- One-dimensional tables are lists, outlines, or //one-dimensional arrays or vectorss//, such as:
- a to-do list (in which the visual aid is that the items are in the order they should be done, and/or are crossed off to indicate completion);
- a military unit's table of organization; and
- the table of contents of a Wikipedia article.

- Two-dimensional tables, i.e., //matrices or //rectangular grids, such as:
- a multiplication, addition, or other mathematical table;
- the table of contents of a book that includes page numbers;
- a student's weekly class schedule;
- a day's schedule showing which rooms are in use for which programs of various lengths;
- a conversion table for any of various purposes; and
- //A mathematical matrix or 2-dimensional array of numbers or variables.//

- Multi-dimensional tables, //in theory capable of holding any countable// of any comprehensible number of dimensions, and usually using multiple two-dimensional tables to visualize "cross-sections" of tables of larger dimension, as in:
- tables of census, econometric, or public-opinion-polling data;
- a timetable for public transport; the number of logical dimensions can vary; it is often four or five: it is represented as a set of two-dimensional tables with two or three parameters (such as line, direction, and possibly part of the week) identifying each; and
- //A mathematical tensor, representing a (3-D (or more?)) array of numbers.//

- Periodic tables. A periodic table is an array of information where every
*n*th element shares some common characteristic, and so the array is "wrapped around" to form a 2-dimensional table. Examples include:- a calendar month page;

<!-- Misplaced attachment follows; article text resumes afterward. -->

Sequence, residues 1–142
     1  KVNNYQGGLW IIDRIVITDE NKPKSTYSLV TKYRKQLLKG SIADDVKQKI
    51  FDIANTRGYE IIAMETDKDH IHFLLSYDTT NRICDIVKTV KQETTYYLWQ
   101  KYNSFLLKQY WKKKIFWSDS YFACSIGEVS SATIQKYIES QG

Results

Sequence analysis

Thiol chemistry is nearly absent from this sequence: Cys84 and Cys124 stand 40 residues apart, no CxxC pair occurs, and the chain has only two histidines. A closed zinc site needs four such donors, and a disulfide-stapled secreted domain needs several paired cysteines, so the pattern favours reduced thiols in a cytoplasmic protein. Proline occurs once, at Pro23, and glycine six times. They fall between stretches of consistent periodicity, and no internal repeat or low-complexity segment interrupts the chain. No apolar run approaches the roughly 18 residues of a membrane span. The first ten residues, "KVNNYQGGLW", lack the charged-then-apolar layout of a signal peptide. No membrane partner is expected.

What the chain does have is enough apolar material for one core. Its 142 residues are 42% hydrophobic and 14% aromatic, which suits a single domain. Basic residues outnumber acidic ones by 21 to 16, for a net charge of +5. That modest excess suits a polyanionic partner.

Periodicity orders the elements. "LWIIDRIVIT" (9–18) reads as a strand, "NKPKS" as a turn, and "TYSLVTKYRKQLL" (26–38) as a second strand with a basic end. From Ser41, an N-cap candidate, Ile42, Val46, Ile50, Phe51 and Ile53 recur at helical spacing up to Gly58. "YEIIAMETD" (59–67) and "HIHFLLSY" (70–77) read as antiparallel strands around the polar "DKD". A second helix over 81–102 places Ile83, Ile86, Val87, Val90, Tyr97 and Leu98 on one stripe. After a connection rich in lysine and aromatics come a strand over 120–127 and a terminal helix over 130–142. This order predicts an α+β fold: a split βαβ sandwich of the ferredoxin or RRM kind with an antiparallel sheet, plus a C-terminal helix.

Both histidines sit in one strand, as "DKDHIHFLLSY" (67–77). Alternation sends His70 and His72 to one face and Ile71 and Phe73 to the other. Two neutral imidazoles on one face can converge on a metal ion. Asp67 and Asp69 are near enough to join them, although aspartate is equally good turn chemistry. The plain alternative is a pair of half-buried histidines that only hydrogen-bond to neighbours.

- the Periodic table of elements; and
- a tide table is a two-dimensional table (the intersection of high and low tide times with a date) usually wrapped into periodic form (a calendar month).

Traditionally, the most familiar media for creating and storing tables have been pen and paper. Given the proliferation of computers at home and in the workplace, computer representations of "paper tables" have become widespread. Common software applications give users the possibility of generating, manipulating, and editing both table data and table formats with ease. Such applications include:

- word processing applications;
- spreadsheet applications;
- presentation software; and
- tables specified in HTML or another markup language.

Data tables are used extensively in computers, in forms as diverse as equal-sized and consecutive blocks of memory locations, on one hand, and "scatter-storage" schemes relying on what are more conventionally known as hash functions, on another. Each is a distinct data structure in computer science. Use of tables is more likely to be invisible to anyone but a few colleagues of the programmer, than to improve comprehension of the tables' contents; in many cases, their technical effectiveness would outweigh even *loss* of comprehensibility.

Examples include:

- all the examples of applications of the
*n*-dimensional array so familiar to computer science students; - symbol tables;
- inode tables; and
- various forms of table-driven software where the software is controlled from a table, or hardware is relieved, via table-stored data, of some burden of computation.